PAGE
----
Our policymakers have been studiously ambiguous about what they mean by  Comparative Effectiveness Research.

This ambiguity was made clear during the Obamacare debates when Peter Orszag testified on behalf of the administration before the Senate Finance Committee. When queried by skeptical Republicans on the ultimate goal of the proposed CER boards, Mr. Orszag was evasive. Specifically, when asked by Senator Kyle (R-Arizona) whether the CER board would be empowered to make decisions regarding which medical services will be reimbursed, Mr. Orszag finally replied, “Not at this point,” a reply which did not alleviate the suspicions of the minority party.

To state the ambiguity more plainly, it is clear that while the government’s CER panels will mainly be concerned about comparing cost effectiveness, the only kind of effectiveness they are willing to discuss publicly is clinical effectiveness. This studied ambiguity allows proponents of Obamacare to paint opponents of the CER panels as being against the “babies and bunnies” form of comparative effectiveness research, and thus reveal those nay-sayers as being beneath contempt, and unworthy of anyone’s attention. Meanwhile they will be free to advance their real “cost effectiveness” agenda.

Therein, of course, lies the government’s bias regarding clinical research. Since clinical research is the primary mechanism by which Obamacare proposes to cut the cost of healthcare, and since the new government panels provide the chief mechanism for controlling and applying the results of that clinical research, the government will be strongly biased toward research results that point toward the less expensive of the two treatments that are being compared.

The idea that government-controlled expert panels will be unbiased, of course, is so absurd that nobody can plausibly believe it. Where you go wrong, dear reader, is in believing that their bias can only take them so far; that clinical research, being science, will more or less yield the Truth; that while a biased party might shade things a bit in this direction or that, at the end of the day the answer which is reached will approximate the Answer.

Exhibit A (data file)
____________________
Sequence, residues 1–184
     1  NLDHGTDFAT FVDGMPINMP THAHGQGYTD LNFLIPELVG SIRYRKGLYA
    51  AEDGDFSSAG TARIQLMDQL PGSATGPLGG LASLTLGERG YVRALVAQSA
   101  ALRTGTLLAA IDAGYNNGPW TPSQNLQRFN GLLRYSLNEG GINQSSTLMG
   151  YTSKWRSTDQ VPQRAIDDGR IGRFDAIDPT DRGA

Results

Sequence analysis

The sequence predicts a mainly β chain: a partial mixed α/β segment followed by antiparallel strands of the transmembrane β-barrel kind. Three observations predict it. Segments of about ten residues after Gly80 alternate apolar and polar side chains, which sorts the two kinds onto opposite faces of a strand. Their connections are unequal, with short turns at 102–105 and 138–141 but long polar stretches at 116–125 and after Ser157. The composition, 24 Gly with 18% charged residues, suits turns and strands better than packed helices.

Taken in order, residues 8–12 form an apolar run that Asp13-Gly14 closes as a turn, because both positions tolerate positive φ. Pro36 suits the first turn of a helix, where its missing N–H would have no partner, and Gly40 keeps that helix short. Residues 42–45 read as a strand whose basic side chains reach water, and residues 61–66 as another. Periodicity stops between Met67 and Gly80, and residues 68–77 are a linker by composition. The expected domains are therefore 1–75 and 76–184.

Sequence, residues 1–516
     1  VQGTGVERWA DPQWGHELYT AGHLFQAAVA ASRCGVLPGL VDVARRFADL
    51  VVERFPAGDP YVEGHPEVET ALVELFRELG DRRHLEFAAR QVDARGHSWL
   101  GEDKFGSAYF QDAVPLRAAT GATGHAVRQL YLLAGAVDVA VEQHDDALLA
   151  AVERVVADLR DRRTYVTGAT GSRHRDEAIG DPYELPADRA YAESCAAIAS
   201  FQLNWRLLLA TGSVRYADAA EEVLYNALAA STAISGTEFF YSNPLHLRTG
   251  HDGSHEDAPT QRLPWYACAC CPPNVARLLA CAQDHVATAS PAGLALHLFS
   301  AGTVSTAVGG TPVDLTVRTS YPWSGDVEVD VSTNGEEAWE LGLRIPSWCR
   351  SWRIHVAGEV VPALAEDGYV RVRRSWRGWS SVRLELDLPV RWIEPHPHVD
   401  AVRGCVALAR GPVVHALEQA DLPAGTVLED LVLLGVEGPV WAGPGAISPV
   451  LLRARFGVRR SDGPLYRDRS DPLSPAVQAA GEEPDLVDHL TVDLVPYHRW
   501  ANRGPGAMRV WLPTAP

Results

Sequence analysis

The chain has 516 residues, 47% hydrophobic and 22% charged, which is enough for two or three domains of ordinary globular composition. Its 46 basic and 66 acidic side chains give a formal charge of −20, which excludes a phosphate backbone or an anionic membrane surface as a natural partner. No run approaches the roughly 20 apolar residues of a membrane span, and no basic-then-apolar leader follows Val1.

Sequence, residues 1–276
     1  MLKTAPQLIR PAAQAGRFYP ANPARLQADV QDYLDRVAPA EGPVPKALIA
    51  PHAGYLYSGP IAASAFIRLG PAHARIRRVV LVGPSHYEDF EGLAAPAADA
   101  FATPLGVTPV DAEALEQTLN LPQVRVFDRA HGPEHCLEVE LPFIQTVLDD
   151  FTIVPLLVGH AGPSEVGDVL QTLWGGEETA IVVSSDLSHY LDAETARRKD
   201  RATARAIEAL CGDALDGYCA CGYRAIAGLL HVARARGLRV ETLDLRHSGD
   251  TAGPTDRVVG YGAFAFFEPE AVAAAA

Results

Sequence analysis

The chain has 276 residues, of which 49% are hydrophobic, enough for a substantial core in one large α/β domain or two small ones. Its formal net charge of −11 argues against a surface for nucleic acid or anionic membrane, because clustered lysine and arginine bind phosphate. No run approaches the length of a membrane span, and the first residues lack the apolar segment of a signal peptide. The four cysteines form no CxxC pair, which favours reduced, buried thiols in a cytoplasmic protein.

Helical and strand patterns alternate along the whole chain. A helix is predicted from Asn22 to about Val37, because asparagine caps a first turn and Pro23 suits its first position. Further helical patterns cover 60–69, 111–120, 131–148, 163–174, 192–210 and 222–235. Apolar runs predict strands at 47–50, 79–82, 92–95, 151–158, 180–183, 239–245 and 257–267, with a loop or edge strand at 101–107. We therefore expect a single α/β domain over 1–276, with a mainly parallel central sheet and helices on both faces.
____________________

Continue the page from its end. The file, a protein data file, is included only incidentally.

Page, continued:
In fact, clinical research is inherently biased, from the moment a research study is conceived. And those who conceive of, plan, conduct, and analyze the clinical study have every advantage. (This, indeed, is the very reason why everyone is so indignant about the studies conducted by medical industry and their minions in the medical academy.) That advantage is now, under law, defaulting to the government panels.

To be sure, many clinical researchers believe in their hearts and souls that bias can be eliminated through the use of randomized clinical trials (RCTs). In such trials, “like” groups of research subjects are divided randomly into two or more groups, and each group receives (for instance) a different therapy, whereupon differences in outcomes among the groups are attributed to the different therapies to which they were randomized. Indeed, the widespread belief that RCTs are the necessary and sufficient means to achieve “clinical truth” has become so deeply ingrained within the medical establishment that when anyone (such as DrRich) says otherwise, he immediately reveal himself as a scientific Neanderthal.